History on Display

In 1780, Englishman William Eden built Pedro St. James, a grand three-storey Great House, which would later become an iconic heritage site in the Cayman Islands. At the time, Grand Cayman was a fledgling island settlement inhabited by roughly 500 people, half of whom were enslaved. Donkeys were the sole means of transportation on dry land, and people subsisted on farming and the sea.

Eden decided to bring a little of his hometown — the parish of Devizes in Wiltshire in southwest England — to Grand Cayman. Behind a traditional coral stone wall, his “castle” on Pedro Point towered over the simple wattle and daub dwellings that dotted the land. Sweeping verandahs faced every compass point, awarding stunning views of the estate’s plantation, great lawn and the jagged seaside scenery.

In addition to being Eden’s home, the estate was used as a courthouse and jail in the early days. It was also where Cayman’s earliest settlers met in 1831 and officially agreed on the need for an elected parliament in the Cayman Islands. This single moment has earned Pedro St. James the reputation for being the birthplace of democracy in the Islands.

Only four years later, the proclamation to abolish slavery in the British Empire was read from the original steps of the home.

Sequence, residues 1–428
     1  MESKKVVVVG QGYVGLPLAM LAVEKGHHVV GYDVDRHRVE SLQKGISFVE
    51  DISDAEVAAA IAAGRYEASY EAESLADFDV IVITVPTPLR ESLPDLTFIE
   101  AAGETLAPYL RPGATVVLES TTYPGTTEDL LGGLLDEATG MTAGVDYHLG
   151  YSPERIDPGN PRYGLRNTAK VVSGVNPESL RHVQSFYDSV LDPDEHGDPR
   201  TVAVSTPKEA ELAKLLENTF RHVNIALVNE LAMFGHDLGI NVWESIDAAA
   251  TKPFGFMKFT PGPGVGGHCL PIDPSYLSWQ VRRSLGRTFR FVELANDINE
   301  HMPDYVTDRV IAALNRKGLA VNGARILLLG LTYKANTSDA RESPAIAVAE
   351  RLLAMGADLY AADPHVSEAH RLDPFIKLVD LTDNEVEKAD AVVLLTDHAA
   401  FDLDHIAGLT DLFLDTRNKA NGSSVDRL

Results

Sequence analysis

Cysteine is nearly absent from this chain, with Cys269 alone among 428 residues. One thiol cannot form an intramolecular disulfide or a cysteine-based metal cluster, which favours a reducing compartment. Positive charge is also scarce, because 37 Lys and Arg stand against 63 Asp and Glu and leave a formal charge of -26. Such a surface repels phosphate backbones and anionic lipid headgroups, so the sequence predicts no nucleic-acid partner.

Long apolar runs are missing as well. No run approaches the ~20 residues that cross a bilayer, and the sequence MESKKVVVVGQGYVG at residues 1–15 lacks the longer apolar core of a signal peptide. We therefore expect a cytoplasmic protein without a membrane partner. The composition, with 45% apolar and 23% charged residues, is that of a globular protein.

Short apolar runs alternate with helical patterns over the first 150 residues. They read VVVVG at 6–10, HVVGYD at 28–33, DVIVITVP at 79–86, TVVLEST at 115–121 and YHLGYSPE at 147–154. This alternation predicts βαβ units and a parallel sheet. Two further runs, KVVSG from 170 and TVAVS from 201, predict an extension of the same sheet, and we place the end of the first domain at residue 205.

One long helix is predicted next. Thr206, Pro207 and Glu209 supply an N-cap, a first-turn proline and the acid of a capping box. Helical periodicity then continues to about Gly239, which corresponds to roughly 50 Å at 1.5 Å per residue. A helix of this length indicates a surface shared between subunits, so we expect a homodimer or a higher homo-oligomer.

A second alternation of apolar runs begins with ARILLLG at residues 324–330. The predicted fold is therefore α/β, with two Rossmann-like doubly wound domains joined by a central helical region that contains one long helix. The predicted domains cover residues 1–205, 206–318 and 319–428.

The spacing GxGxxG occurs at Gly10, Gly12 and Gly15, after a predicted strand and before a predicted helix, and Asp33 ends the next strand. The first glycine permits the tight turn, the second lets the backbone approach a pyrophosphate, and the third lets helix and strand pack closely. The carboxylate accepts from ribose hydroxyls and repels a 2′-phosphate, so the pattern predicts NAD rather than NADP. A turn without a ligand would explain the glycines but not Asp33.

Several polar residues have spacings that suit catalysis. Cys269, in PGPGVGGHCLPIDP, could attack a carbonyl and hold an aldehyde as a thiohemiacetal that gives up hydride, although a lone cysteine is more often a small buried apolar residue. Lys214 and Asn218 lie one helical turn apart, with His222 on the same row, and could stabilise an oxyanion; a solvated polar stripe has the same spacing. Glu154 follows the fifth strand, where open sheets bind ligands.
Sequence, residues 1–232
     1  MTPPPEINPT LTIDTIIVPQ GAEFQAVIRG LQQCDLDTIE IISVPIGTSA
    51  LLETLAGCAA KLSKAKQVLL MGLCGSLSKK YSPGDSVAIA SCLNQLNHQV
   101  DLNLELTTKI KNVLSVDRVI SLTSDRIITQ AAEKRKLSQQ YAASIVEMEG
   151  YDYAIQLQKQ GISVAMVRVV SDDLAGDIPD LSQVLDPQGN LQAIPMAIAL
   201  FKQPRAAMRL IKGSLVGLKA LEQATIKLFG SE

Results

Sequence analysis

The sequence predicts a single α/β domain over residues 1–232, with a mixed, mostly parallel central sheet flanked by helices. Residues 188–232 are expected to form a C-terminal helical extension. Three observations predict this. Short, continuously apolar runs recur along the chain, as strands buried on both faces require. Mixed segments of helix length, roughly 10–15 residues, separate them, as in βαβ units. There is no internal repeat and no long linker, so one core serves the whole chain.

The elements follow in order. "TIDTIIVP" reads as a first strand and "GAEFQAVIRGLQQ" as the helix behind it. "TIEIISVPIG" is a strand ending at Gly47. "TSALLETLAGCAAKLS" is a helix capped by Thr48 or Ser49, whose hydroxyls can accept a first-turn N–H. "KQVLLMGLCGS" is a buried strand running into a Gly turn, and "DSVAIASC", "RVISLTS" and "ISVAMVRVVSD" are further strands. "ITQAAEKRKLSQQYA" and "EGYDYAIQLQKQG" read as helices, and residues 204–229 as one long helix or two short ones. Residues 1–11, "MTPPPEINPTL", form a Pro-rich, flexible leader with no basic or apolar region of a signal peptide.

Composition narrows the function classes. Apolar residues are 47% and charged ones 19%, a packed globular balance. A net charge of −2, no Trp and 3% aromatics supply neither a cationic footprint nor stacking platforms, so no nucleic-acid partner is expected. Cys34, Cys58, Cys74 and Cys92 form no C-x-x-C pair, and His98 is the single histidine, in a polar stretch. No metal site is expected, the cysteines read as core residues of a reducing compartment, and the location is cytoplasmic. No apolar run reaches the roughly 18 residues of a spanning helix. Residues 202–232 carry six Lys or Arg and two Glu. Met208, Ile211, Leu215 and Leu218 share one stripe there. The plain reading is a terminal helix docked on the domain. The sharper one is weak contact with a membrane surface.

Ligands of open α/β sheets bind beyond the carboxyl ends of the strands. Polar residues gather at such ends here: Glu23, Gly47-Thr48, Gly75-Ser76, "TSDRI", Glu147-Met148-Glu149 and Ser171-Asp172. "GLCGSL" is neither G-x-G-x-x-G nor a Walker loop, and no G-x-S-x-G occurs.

As the years progressed, the Edens’ estate would pass through many hands and endure a series of hardships and disasters. Neglect and abandonment led to the gradual ruin of the manor; hurricanes ravaged the property; two fires destroyed parts of the original structure; and a freak lightning storm even killed the daughter of one of the property owners. Miraculously, after each instance, the plantation was restored.

In 1991, the Cayman Islands Government recognised the historical importance of Pedro St. James and its role in the history of the nation and offered to purchase 7.65 acres of the property. They consulted experts in the architecture of the era and began the country’s most extensive restoration project, using building materials and techniques of the period, as well as authentic furnishings.

Seven years later, during a grand opening gala celebration, Pedro St. James officially reopened as a National Historic Site of the Cayman Islands.

Today, you can walk through its rooms and learn more about the Edens and the building’s historical importance. Visit pedrostjames.ky for more information and plan your visit.

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